The ad-supported music business is seemingly imploding, but live-streaming service Pandora might have hit on a workable formula with its wildly popular iPhone app. It ports over online preferences to do exactly what it promises: create a personalized radio station. Its ads aren't alienating users -- yet. But this isn't surprising since the value it brings is worth the price of some ad messages, including mobile campaigns for brands like Dockers.
• Released July 2008.
• No. 1 music app in App Store.
Missed Opportunity: The Wall Street Journal's WSJ app. News Corp. CEO Rupert Murdoch is hell-bent on having consumers pay for digital content, but he's missing out with this app. WSJ makes users pay an additional $1 per week subscription fee to access content -- even if they already pay for Web site access. That and the app's buggy performance has garnered it a torrent of critical reviews.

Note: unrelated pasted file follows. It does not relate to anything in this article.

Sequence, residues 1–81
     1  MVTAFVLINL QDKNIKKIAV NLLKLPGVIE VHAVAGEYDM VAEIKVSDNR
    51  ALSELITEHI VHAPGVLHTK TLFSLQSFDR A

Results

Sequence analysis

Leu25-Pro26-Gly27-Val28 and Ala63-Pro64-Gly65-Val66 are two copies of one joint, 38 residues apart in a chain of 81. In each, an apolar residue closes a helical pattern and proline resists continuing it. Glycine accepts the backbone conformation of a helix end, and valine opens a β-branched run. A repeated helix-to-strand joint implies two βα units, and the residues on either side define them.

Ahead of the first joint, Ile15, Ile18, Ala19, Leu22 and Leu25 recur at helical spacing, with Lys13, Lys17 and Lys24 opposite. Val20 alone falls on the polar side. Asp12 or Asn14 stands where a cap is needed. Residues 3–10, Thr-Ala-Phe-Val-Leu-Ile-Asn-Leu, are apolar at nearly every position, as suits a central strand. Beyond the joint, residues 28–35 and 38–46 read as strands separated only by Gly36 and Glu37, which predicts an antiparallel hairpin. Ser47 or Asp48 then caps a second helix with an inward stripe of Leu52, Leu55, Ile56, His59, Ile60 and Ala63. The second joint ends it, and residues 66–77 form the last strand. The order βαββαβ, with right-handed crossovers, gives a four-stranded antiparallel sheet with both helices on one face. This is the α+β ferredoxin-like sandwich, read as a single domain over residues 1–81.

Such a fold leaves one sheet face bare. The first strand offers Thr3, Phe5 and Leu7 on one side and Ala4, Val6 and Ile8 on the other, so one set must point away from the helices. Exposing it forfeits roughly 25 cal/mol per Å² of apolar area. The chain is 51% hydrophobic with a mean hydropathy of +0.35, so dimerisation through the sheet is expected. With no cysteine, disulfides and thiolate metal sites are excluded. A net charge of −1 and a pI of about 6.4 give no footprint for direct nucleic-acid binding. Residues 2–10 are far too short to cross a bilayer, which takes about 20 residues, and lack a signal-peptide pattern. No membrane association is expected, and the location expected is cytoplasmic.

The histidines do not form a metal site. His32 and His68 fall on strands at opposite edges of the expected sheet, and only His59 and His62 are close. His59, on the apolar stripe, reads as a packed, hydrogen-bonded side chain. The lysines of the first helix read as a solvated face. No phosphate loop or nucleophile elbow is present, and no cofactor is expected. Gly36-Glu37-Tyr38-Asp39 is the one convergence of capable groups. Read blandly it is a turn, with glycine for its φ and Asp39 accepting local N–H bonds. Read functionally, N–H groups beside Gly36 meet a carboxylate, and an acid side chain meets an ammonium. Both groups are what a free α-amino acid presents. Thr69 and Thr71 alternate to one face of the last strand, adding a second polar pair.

The fast-food restaurant bills its effort "a killer app for your appetite." That might be going too far, but it does point the way towards the possibilities of mobile ordering. The app uses entertainment -- users shake the phone to add sauce to wings, for instance -- to make ordering a fun experience. While not without its detractors, the app boasts hard-core fans and has generated over $1 million in sales for Pizza Hut.
• Released in mid-July.
• No. 17 in App Store lifestyle category.
Missed Opportunity: Burger King's Burger King Now. Back in April the fast-food giant introduced an iPhone app for ordering food in Flushing, N.Y. (which is in Queens). The problem: it still only works in Flushing, N.Y. For a national brand, BK could act faster in rolling this out widely.
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